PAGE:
Studies on human immunodeficiency virus—infected children suggest that high-dose immune globulin therapy might be beneficial in reducing the episodes of recurrent infections. In adults, comparable studies are not available.
To determine the efficacy of intravenous (IV) immune globulin therapy in preventing infections and reducing days with fever, as well as the duration and frequency of hospitalization for human immunodeficiency virus—infected adults, in a prospective, randomized outpatient clinical trial.
Adult patients who met Centers for Disease Control and Prevention criteria B and C were randomized to be treated with (n=70) or without (n=57) IV immune globulin. Patients who were assigned to treatment with IV immune globulin received 400 and 200 mg/kg of this drug initially and every 21 days thereafter, respectively. Primary end points were the occurrence of laboratory-proved or clinically diagnosed infections and death caused by infection.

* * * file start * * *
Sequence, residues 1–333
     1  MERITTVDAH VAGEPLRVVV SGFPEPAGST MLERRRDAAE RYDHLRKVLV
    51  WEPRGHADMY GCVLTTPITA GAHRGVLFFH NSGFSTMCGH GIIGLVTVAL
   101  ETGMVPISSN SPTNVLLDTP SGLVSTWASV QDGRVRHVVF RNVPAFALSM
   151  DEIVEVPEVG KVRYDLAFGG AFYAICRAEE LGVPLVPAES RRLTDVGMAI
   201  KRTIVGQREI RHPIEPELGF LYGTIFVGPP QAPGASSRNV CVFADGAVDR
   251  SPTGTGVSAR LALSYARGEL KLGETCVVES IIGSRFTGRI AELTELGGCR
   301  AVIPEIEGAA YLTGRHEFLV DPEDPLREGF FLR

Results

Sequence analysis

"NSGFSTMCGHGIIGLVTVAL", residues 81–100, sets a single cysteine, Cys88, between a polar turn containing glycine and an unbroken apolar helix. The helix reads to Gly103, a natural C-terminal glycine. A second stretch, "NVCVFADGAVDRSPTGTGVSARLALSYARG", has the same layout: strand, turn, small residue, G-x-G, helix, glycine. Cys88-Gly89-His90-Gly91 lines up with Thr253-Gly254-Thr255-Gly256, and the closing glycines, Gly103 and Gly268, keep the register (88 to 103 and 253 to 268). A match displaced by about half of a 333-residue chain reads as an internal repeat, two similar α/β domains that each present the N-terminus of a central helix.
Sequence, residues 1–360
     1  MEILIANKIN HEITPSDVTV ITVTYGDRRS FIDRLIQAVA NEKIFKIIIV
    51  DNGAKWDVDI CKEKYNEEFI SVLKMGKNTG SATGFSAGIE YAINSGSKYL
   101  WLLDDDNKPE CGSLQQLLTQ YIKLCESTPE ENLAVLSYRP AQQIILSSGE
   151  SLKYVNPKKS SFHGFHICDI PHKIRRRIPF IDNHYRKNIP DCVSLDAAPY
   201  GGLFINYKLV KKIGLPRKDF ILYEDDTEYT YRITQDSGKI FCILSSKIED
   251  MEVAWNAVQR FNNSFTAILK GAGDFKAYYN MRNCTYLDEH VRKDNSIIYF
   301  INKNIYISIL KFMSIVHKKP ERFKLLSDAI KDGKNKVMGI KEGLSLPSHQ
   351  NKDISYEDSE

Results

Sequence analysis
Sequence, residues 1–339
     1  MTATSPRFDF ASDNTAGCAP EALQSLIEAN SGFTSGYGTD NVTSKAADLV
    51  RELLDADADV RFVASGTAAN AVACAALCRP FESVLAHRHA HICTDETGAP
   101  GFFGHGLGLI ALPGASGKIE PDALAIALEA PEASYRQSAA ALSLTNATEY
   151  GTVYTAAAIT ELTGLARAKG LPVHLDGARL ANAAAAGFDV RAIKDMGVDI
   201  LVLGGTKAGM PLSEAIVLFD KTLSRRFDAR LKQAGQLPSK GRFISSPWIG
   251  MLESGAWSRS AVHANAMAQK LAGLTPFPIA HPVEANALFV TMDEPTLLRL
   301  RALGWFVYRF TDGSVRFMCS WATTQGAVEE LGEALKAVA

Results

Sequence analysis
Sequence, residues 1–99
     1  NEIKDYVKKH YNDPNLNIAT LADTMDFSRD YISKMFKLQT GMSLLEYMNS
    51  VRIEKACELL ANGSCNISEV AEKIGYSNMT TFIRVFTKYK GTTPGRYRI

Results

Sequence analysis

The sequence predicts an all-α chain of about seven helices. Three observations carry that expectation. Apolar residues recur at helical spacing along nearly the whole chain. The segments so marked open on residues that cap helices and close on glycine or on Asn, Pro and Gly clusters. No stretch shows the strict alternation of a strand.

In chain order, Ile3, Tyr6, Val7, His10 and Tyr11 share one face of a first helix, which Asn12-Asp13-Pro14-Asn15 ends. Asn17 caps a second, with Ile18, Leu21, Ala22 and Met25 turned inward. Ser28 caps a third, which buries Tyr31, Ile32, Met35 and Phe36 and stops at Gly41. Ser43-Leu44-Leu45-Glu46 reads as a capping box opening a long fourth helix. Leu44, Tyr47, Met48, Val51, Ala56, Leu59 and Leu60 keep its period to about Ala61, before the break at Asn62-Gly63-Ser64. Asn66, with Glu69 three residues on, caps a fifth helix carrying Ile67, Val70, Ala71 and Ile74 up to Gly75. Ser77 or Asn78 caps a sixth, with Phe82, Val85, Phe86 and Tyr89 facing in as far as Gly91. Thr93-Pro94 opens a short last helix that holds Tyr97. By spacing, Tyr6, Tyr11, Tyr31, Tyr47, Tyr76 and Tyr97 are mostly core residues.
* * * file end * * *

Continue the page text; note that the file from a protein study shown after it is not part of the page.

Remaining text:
In comparison with patients in the control group, IV immune globulin treatment significantly increased the time for which the patients who met Centers for Disease Control and Prevention criteria B and C were free from serious infection (P<.001). Twelve (17%) of the patients who received IV immune globulin had infection-related deaths compared with 20 (35%) of the control patients; however, this was not statistically significant (P=.06). Furthermore, immune globulin treatment was associated with an overall reduction in the number and duration of hospitalizations for short-term care (P=.002), days with fever (P<.001), and frequency of diarrhea (P<.001). Because of these results, the study was stopped by the local ethical board.
Prophylactic IV immune globulin treatment in human immunodeficiency virus—infected adults decreases the frequency of serious infections and is associated with a reduction of hospitalization for shortterm care.Arch Intern Med. 1996;156:2545-2550